Board of Directors: Prioritize Your Cyber Risk

To ease director liability, all boards need to put cyber risk front and center as part of their corporate governance.

Cyber attacks continue to be one of the most concerning risks to businesses. COVID-19 is only exacerbating those risks. Add to that the D&O litigation that happens after a cyber event, and you have a recipe for disaster for boards of directors. That is, unless they make cyber risk a priority now. It's true that many boards have become more involved in cyber risk. But still a great many view it solely as an IT issue. To ease director liability, all boards need to put cyber risk front and center as part of their corporate governance.

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Slowly, Boards Are Getting More Involved in Cyber Risk

Slowly but surely we are seeing more board involvement in cybersecurity, and COVID-19 has sparked even more interest on the part of the board to address cyber security risks. PWC's Digital Trust Insights Pulse Survey reports that as a result of the crisis, 50% of CISOs interacted more frequently with their boards.

According to PWC:

Boards and C-suite executives, who in the past may have wondered about the return on investment for all the cybersecurity personnel, solutions and architectures, don't anymore. The value of their cybersecurity expenditures over the years—and of the CISO's leadership—became crystal clear during this crisis.

2019 EY Report Infographic on cybersecurity risk and oversight found that 89% disclosed a focus on cybersecurity in the risk oversight section of their proxy statements.

And with good reason. The FBI reports cyber attacks are up due to the pandemic. And there's a long list of cyber threats popping up as a result of the shift to working from home. Bad actors are always opportunistic and have turned their focus on the path of least resistance—hacking Zoom is just one example.

Still, "cyber fatigue" (the exhaustion of trying to keep up with the latest attacks and security lingo) is a real issue for some boards. As a result, boards may delegate cyber risk entirely to the management team while they focus on what they believe is more important.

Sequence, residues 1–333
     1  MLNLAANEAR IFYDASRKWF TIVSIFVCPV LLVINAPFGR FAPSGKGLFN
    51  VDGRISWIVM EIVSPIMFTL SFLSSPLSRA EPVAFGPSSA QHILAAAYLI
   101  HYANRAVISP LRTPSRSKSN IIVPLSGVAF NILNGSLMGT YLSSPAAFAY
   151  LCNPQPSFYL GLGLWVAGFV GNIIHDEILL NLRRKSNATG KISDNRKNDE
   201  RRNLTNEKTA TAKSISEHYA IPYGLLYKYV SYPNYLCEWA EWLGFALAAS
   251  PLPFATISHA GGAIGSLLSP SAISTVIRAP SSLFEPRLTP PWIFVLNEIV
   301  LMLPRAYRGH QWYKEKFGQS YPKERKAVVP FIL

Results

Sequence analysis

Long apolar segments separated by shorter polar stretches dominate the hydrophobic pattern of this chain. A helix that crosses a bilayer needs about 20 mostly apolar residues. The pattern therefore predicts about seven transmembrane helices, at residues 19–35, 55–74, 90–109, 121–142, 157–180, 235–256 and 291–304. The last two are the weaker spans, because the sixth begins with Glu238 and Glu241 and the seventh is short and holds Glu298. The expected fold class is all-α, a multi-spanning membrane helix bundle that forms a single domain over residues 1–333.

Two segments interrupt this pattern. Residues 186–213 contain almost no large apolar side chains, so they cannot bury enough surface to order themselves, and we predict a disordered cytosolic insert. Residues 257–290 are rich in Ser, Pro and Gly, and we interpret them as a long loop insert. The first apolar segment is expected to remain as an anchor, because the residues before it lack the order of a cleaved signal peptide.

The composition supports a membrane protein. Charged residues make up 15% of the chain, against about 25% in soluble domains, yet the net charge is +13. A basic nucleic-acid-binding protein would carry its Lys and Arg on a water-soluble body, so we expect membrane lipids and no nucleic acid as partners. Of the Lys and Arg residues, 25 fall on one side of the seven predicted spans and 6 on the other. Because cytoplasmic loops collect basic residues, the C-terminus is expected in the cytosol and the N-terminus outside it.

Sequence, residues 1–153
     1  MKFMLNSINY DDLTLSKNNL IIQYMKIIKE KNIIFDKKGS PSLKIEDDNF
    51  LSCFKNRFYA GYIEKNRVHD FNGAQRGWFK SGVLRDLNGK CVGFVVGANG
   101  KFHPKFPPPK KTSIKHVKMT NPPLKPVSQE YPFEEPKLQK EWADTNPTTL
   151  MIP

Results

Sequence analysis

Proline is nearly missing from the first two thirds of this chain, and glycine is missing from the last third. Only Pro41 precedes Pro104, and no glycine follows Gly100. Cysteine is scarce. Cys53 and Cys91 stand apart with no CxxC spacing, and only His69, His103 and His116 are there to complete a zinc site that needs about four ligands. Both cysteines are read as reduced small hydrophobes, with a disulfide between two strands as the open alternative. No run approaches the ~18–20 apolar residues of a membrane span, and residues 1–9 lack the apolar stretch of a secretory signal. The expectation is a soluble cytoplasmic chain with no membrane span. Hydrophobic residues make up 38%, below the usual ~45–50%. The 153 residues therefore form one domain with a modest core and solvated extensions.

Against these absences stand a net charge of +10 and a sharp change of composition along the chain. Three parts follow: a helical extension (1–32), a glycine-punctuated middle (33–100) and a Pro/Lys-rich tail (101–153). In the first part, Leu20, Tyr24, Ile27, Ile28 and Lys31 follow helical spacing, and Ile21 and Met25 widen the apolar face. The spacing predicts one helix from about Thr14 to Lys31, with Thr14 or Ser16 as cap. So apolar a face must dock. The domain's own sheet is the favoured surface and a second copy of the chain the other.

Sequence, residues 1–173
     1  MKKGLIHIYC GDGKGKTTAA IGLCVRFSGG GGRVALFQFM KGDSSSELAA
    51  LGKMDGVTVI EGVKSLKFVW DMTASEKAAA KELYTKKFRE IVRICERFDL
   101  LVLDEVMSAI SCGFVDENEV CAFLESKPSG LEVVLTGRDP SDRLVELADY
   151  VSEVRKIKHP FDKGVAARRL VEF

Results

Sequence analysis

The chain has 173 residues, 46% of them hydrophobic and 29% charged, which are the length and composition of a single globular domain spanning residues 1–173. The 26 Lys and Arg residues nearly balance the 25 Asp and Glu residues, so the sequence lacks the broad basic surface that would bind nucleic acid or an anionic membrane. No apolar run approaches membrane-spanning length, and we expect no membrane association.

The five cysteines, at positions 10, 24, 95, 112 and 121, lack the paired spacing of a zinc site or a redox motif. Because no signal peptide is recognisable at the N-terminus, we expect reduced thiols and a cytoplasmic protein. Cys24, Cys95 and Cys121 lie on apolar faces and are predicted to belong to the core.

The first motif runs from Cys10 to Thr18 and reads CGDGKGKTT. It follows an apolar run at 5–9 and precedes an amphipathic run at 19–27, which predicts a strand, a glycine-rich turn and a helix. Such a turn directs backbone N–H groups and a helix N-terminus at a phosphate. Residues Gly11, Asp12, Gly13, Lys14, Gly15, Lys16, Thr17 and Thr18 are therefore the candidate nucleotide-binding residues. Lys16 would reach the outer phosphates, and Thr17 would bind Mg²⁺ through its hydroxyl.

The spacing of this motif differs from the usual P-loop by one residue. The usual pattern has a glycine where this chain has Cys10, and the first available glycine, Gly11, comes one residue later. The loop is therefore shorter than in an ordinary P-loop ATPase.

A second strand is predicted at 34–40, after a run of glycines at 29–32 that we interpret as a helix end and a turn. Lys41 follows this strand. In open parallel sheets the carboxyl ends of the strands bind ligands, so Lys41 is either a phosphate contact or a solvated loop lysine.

This is a mistake. Cyber threats are an enterprise risk management issue and effective governance is a board's responsibility. Boards need to understand their companies' cybersecurity risk and preparedness.

In January, the Securities and Exchange Commission echoed this sentiment in Cybersecurity and Resiliency Observations in which it stated that a top-down approach is key to managing cyber risk:

Effective cybersecurity programs start with the right tone at the top, with senior leaders who are committed to improving their organization's cyber posture through working with others to understand, prioritize, communicate, and mitigate cybersecurity risks.

Remember that directors face increased liability when they do not make cybersecurity a priority. Take Yahoo's cyber breach as a cautionary tale, where directors and officers agreed to pay $29 million in a breach of fiduciary duty derivative lawsuit.

And Yahoo is just one example of derivative suits brought against directors and officers after a cyber event. Target, Wyndham, and Home Depot are more examples. Bottom line: When a cyber incident happens, people will ask what the board was doing to prevent it.

Cyber Governance: A Simple Action Plan to Start

Even though the numbers show an increased interest in cyber at the board level, a large percentage of boards still have a long way to go. So what can boards do now to help manage cyber risk?

To start:

  1. Ensure adequate cybersecurity governance is in place.